THORNESIDE resident Barry Musch will have a new insignia to wear this Anzac Day, with his unit receiving an award for their courage during the Vietnam War.
In 2018, the Royal Australian Navy Helicopter Flight Vietnam was awarded theUnit Citation for Gallantryfor their extraordinary bravery in Vietnam between 1967 and 1971.
Mr Musch began his decade-long Navy career as a 16-year-old in 1964, becoming a ship's clearance diver after 12 months at the Navy training college at HMAS Leeuwin in Western Australia.
In the mid-1960s, he served as a clearance diver and later an underwater control seaman aboard HMAS Vendetta in Malaysia and HMAS Yarra in Borneo.
"We were tasked with diving under the hull of the ship to check for mines twice a day which was pretty scary but had to be done," he said.
In 1968 Mr Musch trained to become a Leading Aircrewman, flying in anti-submarine helicopters and fixed-wing aircraft to and from the deck of aircraft carrier HMAS Melbourne.
While airborne, he was responsible for navigation, radar and anti-submarine work.
In 1970 he was posted to the Royal Australian Navy Helicopter Flight Vietnam.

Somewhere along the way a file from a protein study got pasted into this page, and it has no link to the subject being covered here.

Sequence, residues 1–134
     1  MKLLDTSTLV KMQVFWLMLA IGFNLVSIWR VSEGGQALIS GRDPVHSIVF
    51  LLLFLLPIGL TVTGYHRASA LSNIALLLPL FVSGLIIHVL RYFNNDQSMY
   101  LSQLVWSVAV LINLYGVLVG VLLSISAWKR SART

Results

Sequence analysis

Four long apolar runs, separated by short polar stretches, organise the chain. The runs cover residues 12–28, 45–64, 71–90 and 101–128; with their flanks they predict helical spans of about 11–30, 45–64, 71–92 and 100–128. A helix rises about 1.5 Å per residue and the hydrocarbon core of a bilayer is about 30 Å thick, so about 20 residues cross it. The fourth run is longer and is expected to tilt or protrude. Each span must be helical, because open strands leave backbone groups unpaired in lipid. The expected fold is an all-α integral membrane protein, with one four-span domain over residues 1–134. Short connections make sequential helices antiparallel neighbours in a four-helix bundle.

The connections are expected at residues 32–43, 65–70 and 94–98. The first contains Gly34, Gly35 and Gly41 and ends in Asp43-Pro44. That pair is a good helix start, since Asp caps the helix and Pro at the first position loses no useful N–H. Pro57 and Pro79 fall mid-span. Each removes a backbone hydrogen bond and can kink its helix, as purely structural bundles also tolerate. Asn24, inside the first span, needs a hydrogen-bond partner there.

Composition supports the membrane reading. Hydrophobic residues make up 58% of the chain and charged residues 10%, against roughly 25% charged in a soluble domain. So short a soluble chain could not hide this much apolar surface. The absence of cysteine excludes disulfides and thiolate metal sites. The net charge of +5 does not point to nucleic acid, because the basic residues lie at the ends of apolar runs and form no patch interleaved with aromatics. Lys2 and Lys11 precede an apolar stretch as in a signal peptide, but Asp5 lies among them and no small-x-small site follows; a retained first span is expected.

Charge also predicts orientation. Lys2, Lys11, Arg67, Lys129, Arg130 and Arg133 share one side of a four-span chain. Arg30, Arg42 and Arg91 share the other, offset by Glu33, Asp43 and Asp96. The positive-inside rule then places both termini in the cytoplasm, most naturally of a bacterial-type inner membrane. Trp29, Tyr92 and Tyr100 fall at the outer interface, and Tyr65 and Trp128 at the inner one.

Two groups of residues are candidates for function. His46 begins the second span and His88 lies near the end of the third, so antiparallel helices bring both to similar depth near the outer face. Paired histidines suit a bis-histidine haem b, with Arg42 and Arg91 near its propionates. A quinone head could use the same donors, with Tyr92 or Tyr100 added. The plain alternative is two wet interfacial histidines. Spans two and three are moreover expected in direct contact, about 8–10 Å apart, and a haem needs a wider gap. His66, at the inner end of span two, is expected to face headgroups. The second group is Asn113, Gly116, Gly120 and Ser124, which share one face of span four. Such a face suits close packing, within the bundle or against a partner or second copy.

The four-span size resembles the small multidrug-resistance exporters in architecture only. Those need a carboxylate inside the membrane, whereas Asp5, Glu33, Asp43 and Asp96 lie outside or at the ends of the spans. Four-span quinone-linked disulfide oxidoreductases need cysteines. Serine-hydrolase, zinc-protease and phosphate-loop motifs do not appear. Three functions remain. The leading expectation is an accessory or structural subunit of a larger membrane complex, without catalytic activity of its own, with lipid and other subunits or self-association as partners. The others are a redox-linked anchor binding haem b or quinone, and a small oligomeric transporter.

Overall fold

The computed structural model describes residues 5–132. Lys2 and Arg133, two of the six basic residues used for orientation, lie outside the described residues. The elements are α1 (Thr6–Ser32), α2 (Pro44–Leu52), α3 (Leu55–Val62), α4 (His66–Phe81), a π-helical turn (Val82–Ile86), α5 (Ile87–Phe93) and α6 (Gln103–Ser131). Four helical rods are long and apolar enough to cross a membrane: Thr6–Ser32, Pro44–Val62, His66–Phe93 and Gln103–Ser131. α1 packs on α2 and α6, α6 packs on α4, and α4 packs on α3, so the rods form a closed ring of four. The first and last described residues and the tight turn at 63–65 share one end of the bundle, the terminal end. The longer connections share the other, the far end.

This unit were integrated into an American Assault Helicopter Company, with the joint Australian-American force known as the Experimental Military Unit.
Mr Musch flew more than 80 combat assault missions totalling more than 400 hours.
An inquiry by the Defence Honours Tribunal found aircrew flew 50 per cent more operational hours per month than crew from other units in similar roles.
A citation recommendation by the Fleet Air Arm Association of Australia said Mr Musch's unit saw the most intense combat of any Navy personnel in the Vietnam War.
The recommendation said the unit'saircrew were constantly engaged by the enemy, faced the danger of booby-trapped landing zones and even found themselves fired upon by friendly forces.
"When other units didn't want to do a mission, they would give it to us and we were too young and silly to say no," Mr Musch said.
Mr Musch said he did not like to relive his time in Vietnam and would be celebrating Anzac Day quietly, preferring to catch up with friends and pay respect to fallen comrades in private.
"We spend the day talking about the silly things we saw and did, rather than the war-related stuff," he said.
"Other than the people from our unit, there are very few people that can relate to what we did and saw.
"Anyone that wasn't there will never really understand what we went through."